Dividends At Royal Dutch Shell Plc Are Rising Steadily

royal dutch shellIs Royal Dutch Shell (LSE: RDSB) (NYSE: RDS-B.US) a good bet for long-term dividend provision?

You’d expect so. Even though there’s a lot of upstream exploration expense to contend with every year, requiring a good deal of capital expenditure, it’s such a mature business with such massive worldwide demand that if Shell can’t throw off decent amounts of cash, there’s something wrong.


Well, something did actually go wrong with the worldwide recession and increasing exploration costs hurting the industry, including Shell. And in the crunch year of 2009, Shell’s earnings per share didn’t even match that year’s dividend of 168 cents.

The dividends were held at that level for a couple more years until earnings started to recover, and since then the picture has looked like like this:

(to Dec)
Dividend Yield Cover Rise
2010 168c 4.8% 1.81x 0%
2011 168c 4.1% 2.74x 0%
2012 172c 4.8% 2.52x +2.4%
2013 180c 4.8% 1.48x +4.7%
186c 4.5% 2.04x +3.3%
192c 4.6% 2.02x +3.3%

* forecast

Attractive yield

Shell has still been providing a pretty attractive yield, and its share price has held up well too. There was a dip in 2009, but not as deep as the FTSE 100 as a whole. And in the past five years, Shell shares are up 52% with the FTSE having only just managed to beat 40%.

The dividend is increasing quite nicely now and is edging ahead of inflation. And that’s what we really need if we’re investing for the very long term — a high yield today is no use in 20 years time if annual rises are eroded by inflation.

Exchange risk

But we do need to sound a note of caution here, as those figures above are in US cents — with the pound having appreciated against the dollar over the past year, that forecast 3.3% rise is likely to come in around zero in Sterling terms. But it does work both ways, as the pound had previously been slipping and earlier years will have been kinder to UK-based shareholders.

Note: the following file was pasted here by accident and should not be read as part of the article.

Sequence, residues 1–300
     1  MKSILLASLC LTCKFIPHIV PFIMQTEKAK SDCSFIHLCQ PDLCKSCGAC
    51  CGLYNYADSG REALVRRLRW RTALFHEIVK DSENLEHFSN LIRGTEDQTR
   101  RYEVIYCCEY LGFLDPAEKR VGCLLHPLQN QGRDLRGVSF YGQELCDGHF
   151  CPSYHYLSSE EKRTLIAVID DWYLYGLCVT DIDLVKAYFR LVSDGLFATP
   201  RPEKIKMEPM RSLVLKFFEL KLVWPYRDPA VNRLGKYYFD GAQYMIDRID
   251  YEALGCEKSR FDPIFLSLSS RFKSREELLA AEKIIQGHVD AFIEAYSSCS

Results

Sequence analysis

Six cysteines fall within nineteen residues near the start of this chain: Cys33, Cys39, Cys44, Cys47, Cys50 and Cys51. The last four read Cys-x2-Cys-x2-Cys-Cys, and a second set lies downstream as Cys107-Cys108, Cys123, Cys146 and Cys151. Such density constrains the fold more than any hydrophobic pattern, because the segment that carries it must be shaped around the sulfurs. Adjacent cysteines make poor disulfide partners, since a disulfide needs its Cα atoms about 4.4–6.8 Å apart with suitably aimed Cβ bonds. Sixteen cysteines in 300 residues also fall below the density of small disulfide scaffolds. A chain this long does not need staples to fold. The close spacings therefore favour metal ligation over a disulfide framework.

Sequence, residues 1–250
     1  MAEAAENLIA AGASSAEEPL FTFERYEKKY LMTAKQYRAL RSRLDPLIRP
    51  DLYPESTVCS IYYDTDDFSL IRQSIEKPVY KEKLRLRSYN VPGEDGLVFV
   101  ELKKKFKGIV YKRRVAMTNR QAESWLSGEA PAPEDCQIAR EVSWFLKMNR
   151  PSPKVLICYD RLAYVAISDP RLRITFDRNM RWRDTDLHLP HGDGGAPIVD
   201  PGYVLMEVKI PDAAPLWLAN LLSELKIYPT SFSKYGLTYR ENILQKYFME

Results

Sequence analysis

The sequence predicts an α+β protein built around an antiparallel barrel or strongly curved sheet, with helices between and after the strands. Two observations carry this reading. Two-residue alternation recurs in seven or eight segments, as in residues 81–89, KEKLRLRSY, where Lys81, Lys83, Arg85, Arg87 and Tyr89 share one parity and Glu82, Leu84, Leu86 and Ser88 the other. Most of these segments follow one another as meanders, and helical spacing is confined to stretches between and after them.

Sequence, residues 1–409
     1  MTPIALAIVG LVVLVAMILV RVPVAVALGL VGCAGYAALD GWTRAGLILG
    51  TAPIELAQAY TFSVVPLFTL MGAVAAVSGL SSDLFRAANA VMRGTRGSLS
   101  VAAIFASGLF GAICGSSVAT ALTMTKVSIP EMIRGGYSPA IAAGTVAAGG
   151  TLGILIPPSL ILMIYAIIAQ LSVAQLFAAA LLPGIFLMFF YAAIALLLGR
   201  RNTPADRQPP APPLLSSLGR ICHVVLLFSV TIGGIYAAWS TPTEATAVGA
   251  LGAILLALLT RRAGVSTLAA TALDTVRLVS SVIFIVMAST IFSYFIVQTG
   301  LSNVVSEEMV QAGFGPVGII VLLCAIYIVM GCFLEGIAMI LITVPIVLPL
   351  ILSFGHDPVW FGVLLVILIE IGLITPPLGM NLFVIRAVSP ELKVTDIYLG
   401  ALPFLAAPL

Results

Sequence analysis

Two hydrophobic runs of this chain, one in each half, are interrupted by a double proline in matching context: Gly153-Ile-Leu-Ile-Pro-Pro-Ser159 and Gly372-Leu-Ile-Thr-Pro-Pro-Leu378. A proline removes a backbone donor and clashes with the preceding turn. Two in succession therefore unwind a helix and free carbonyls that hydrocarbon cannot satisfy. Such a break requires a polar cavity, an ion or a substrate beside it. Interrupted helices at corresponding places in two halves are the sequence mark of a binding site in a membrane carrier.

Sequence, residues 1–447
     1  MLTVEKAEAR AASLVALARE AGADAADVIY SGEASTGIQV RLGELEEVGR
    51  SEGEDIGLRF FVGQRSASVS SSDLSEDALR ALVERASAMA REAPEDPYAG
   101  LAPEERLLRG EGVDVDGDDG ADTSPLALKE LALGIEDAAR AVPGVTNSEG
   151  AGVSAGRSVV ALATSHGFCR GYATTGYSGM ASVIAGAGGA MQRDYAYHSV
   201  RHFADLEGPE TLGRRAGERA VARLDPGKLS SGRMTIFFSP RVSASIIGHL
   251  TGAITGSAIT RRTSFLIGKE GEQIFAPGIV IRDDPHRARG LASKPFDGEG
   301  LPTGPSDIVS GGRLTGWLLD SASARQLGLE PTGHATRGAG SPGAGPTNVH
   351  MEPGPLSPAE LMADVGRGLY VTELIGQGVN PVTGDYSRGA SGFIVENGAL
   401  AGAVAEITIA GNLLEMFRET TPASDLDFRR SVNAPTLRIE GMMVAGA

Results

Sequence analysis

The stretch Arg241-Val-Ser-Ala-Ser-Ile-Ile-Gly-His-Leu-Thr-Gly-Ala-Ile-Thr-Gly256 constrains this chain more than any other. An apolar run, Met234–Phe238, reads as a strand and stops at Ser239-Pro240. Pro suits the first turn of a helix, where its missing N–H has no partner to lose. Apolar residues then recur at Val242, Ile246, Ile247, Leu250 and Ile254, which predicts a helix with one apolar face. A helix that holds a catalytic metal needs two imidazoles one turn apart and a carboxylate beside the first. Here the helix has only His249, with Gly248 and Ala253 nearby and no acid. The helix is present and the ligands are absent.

The future?

With Shell planning to increase its levels of asset disposals as it concentrates more on the higher-margin sections of the business, I do think there is scope for better dividend rises over the next few years.

In fact, at halfway time this year chief executive Ben van Beurden told “We are expecting some $7 – $8 billion of share buybacks for 2014 and 2015 combined […]. These expected buybacks and dividend distributions are expected to exceed $30 billion over the two-year period“, so Shell does appear to be focused on returning cash to shareholders.

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Alan Oscroft has no position in any shares mentioned. The Motley Fool UK has no position in any of the shares mentioned. We Fools don't all hold the same opinions, but we all believe that considering a diverse range of insights makes us better investors.